Facing the challenges, living & dying well.
This continuing professional development opportunity has been organised by Hospice NZ, The Nathaniel Centre and Victoria University Graduate School of Nursing, Midwifery and Health.
Please click here to view the full programme for the day.
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Professor Rod MacLeod
Rod is Senior Staff Specialist in Palliative Care at Hammond Care in Sydney and is Conjoint Professor in Palliative Care at the University of Sydney. Prior to that he led the Palliative Care Development Team at North Shore Hospice and was Honorary Clinical Professor and Associate Professor in General Practice and Primary Health Care, University of Auckland.
He was previously South Link Health Professor in Palliative Care at the Dunedin School of Medicine, University of Otago. He started his career in palliative care in England.
He has a longstanding interest in education in palliative care completing his PhD work in 2002 with a submission entitled “Changing the way that doctors learn to care for people who are dying”. He has published widely in the area of palliative care in national and international peer reviewed journals.
Ilora Gillian Finlay, Baroness Finlay of Llandaff, is a doctor, professor of palliative medicine, and an Independent Crossbench member of the House of Lords.
She is a past president of the Royal Society of Medicine. She is a professor of palliative medicine at Cardiff University School of Medicine, and is consultant at the Velindre cancer centre in Cardiff. In 2001, she was made a life peer as Baroness Finlay of Llandaff.
Baroness Finlay chairs the All Party Parliamentary Group on Dying Well (www.dyingwell.org.uk). This group of MP's and Peers was established to promote palliative care and oppose legalised euthanasia
Wayne Naylor, RN, BSc(Hons), Dip Nurs, PhD candidate
Wayne has been a Registered Nurse for over 20 years has worked in a variety of roles including Staff Nurse, Research Nurse, Clinical Nurse Specialist, and Nurse Educator–Lecturer. These roles have spanned both New Zealand and the United Kingdom and have predominantly been in oncology and hematology. Wayne completed a Bachelor of Science honours degree in adult cancer nursing at The Royal Marsden Hospital in London, and a Post-Graduate Certificate in Palliative Care at
Victoria University of Wellington. Wayne is currently undertaking his PhD with a focus on palliative care.
Kate’s background in Nursing has been in oncology and hospice palliative care over a number of both in New Zealand and overseas. Her palliative care experience has incorporated clinical practice, leadership, educational, management and governance positions, in local and national roles. Currently Kate is employed by the Health Science centre at Canterbury University, where she is the coordinator / lecturer of post graduate palliative care papers.
Kate’s ‘Quality of life interests’ outside of work include sharing medicinal tinctures of grape with great colleagues and friends and living the ‘safety fast’ motto of old MG cars.
Sinead Donnelly MD, FRCPI, FAChPM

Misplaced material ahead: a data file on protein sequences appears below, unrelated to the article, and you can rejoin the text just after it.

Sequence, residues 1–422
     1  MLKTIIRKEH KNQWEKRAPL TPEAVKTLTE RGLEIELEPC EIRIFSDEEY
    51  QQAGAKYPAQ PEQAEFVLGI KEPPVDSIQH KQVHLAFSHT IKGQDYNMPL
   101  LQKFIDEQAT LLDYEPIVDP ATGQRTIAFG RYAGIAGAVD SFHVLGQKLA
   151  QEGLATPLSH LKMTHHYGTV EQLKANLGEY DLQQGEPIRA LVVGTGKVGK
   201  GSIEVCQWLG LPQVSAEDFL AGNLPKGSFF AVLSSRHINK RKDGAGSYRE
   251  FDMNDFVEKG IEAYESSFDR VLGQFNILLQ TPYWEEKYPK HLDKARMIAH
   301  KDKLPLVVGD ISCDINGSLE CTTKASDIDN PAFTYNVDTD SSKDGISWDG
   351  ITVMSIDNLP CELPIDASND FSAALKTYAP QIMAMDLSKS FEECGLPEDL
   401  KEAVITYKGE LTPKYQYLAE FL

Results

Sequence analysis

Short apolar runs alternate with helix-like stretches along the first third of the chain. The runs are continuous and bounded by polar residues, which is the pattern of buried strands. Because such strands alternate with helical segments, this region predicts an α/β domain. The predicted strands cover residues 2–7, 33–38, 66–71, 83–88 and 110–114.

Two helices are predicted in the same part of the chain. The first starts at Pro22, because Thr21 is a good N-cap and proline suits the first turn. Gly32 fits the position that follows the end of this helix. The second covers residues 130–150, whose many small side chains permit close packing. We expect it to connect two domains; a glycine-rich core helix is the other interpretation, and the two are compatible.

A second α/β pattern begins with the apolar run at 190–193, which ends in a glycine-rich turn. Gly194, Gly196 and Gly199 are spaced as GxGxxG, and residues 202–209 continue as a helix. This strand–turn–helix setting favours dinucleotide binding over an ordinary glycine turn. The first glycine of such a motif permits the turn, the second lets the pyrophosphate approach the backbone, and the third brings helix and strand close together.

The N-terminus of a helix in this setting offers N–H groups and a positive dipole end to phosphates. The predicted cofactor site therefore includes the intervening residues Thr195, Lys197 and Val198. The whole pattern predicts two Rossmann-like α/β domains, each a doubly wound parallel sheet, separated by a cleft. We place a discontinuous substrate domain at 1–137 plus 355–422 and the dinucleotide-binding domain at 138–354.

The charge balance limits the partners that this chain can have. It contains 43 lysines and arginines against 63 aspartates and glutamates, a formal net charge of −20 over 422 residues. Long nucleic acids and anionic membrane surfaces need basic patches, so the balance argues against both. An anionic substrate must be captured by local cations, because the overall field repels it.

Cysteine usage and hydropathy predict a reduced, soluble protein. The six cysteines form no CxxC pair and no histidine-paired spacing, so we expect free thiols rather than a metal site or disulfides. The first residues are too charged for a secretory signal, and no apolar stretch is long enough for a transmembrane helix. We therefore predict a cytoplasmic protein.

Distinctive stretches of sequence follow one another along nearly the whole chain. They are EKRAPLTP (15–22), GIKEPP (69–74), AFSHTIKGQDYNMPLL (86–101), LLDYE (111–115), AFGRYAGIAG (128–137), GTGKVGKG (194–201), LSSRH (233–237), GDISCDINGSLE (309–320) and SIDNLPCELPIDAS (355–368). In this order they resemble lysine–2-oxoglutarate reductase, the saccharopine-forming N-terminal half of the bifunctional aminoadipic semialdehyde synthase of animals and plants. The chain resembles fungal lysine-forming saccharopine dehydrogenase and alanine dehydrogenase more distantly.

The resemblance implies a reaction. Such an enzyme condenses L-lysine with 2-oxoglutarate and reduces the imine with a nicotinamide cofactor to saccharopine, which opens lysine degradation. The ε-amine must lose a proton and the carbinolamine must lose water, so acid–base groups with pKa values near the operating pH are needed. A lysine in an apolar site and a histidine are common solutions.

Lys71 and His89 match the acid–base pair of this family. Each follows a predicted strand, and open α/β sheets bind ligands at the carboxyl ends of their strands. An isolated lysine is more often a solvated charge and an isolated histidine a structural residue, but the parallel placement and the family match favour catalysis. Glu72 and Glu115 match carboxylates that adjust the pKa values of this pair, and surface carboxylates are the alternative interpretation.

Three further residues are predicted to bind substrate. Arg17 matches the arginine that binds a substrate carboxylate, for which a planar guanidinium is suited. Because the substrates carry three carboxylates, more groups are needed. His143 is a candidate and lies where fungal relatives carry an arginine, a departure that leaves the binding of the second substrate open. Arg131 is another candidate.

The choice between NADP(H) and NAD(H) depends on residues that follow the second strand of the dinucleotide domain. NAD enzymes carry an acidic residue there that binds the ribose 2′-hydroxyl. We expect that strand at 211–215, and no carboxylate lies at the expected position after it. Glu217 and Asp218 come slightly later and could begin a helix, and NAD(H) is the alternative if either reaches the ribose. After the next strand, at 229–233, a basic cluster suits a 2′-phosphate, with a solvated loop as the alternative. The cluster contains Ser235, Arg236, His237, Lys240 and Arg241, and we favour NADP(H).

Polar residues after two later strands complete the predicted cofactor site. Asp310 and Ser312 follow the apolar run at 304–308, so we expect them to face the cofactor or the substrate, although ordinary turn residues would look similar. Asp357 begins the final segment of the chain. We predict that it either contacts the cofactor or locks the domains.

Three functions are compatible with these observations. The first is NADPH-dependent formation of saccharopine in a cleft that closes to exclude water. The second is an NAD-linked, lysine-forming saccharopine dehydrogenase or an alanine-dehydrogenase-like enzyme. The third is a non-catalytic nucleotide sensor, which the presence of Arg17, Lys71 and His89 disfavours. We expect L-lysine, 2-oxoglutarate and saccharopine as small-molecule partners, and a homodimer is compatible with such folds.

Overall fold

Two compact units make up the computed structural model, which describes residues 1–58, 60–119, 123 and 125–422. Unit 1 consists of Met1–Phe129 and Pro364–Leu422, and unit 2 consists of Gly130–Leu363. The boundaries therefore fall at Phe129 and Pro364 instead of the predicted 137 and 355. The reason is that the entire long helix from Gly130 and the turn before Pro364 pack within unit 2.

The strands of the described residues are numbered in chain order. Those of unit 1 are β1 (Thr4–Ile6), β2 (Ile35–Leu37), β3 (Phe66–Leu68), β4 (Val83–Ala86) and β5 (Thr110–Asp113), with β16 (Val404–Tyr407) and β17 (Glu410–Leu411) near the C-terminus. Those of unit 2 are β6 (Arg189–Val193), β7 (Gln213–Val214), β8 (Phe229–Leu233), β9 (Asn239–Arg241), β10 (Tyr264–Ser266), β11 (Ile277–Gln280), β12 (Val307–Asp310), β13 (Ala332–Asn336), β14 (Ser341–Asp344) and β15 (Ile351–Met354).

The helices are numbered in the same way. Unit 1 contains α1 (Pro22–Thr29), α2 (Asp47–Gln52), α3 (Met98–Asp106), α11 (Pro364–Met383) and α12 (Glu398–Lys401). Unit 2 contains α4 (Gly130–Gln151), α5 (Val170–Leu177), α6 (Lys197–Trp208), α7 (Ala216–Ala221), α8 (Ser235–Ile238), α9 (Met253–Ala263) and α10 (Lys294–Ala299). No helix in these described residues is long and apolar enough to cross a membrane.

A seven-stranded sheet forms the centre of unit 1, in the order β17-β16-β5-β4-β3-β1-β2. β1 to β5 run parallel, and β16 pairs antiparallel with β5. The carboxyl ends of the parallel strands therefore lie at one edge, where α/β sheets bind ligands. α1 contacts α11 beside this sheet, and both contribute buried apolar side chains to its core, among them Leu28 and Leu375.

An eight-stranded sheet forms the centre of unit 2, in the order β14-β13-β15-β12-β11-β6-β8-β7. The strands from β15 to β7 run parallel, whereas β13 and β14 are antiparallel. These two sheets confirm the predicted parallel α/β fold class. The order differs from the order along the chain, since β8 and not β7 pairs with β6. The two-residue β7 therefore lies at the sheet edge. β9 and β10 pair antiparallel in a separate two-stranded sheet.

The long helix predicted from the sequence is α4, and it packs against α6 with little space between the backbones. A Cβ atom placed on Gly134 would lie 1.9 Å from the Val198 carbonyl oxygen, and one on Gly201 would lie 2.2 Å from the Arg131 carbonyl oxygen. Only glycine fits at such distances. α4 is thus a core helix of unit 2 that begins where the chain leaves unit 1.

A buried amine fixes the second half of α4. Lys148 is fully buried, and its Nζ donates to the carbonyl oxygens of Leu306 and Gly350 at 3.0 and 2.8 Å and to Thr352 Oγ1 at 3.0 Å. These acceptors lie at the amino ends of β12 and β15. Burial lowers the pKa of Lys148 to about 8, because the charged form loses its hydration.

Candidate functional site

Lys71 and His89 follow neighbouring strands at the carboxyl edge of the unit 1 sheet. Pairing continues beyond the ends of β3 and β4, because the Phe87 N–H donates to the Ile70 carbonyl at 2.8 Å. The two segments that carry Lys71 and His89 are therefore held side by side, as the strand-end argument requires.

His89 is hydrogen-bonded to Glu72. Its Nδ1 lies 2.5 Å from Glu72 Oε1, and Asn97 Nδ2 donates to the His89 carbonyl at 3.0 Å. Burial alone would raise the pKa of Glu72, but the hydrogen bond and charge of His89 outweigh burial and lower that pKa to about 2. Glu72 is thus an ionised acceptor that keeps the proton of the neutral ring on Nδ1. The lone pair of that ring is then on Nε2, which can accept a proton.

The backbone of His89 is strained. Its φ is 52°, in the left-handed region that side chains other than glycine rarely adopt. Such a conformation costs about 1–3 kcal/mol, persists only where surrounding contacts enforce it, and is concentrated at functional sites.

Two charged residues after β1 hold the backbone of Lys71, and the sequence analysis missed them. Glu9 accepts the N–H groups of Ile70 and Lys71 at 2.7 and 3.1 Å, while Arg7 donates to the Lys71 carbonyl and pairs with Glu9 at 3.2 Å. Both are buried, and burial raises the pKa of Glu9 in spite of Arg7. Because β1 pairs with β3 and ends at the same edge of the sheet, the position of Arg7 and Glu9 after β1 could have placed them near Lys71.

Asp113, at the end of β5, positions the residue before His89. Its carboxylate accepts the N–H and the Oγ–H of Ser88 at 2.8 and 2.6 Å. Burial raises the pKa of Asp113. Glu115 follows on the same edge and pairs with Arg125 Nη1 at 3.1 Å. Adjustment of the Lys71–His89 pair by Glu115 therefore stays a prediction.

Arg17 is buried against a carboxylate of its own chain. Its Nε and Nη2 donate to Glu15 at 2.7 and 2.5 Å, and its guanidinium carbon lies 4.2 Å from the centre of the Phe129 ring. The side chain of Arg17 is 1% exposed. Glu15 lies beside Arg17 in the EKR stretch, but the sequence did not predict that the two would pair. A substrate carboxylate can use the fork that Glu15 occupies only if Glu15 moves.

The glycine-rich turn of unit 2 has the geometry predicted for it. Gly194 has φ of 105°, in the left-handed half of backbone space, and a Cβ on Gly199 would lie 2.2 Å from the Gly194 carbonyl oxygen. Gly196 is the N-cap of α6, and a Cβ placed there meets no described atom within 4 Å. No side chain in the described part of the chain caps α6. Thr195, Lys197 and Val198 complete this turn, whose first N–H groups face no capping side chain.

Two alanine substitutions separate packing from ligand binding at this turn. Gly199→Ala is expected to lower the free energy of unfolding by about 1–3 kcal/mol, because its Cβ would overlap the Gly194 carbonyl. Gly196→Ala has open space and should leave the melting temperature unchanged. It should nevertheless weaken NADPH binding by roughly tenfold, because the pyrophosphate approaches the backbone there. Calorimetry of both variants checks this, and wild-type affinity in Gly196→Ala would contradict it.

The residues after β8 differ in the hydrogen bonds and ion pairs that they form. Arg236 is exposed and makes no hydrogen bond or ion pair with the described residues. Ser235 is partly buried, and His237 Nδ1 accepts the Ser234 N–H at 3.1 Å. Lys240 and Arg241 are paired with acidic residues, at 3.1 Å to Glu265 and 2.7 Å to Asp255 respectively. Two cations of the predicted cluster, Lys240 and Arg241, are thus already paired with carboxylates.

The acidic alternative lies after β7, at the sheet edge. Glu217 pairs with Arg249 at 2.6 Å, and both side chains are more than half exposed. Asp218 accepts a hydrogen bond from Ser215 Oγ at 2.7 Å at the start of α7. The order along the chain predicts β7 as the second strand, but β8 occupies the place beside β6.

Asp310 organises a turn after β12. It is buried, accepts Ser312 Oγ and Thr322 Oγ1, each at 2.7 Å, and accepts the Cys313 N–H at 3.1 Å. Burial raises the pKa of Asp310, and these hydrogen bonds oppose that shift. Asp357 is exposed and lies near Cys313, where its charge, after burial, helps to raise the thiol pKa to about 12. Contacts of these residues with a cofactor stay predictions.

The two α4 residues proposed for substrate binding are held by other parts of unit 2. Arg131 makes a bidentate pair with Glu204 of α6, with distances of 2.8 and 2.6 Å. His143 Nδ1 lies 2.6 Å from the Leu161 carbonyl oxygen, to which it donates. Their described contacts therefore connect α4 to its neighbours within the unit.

Sinead is a consultant in Palliative Medicine for Capital and Coast District Health Board, Wellington. She is also an Adjunct Professor in the School of Biological Sciences, Victoria University, Wellington and a Senior Clinical Lecturer for the Otago School of Medicine, Wellington . She has previously trained and worked in Ireland, Scotland and the USA.
Sinead has a particular interest in using documentary as a medium to present qualitative research and as a teaching tool. She has had four documentaries broadcast on national television in Ireland and a fifth documentary filmed in New Zealand, “At Home”, broadcast on Maori TV.
After Phillipa completed a PhD in Philosophy (Medical Ethics) looking at the ethical dimension of genetic testing in regards to children, the focus of Phillipa’s research focus changed and began to move towards end of life decision-making – both personal and professional. Phillipa has a particular interest in medical practices that hasten dying such as euthanasia and physician-assisted suicide. Sitting along end of life decisions is her interest in the wider ethical implications of end of life such as advance care planning, the deactivation of cardioverter implantable devices (such as pacemakers) and terminal sedation.
Phillipa works as Senior Lecturer in Clinical Medical Ethics, lecturing across the medical programme in medical ethics at the School of Medicine (at the University of Auckland).
Associate Professor Macleod is a psychiatrist and palliative medicine physician. For 14 years, until recently, he has been the Medical Director, Nurse Maude Hospice, Christchurch and is currently working in the Palliative Care Service at Christchurch Hospital. He has worked as a consultation-liaison psychiatrist in since 1985. An Adjunct Associate Professor at the University of Canterbury, Dr Macleod is a busy and experienced clinician. In addition to psycho-oncology his major areas of interest and research are post traumatic states and neuropsychiatry. He has published over 50 articles and two books including The Psychiatry of Palliative Medicine: the dying mind. 2nd Ed., London; Radcliffe, 2011.
A panel of speakers will discuss “what’s on top” from the day towards the end of the session.
If you are interested in attending the day or finding out more information as please email Arna Whal Davies